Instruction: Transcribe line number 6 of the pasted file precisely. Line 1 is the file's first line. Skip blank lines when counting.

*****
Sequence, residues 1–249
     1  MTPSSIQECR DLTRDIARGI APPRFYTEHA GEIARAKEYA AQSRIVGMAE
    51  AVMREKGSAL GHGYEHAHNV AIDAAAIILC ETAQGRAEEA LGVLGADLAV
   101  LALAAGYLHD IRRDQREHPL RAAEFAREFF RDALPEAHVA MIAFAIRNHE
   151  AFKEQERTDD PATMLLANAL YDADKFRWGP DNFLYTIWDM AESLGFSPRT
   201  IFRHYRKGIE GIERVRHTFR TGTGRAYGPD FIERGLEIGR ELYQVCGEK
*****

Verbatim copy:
   201  IFRHYRKGIE GIERVRHTFR TGTGRAYGPD FIERGLEIGR ELYQVCGEK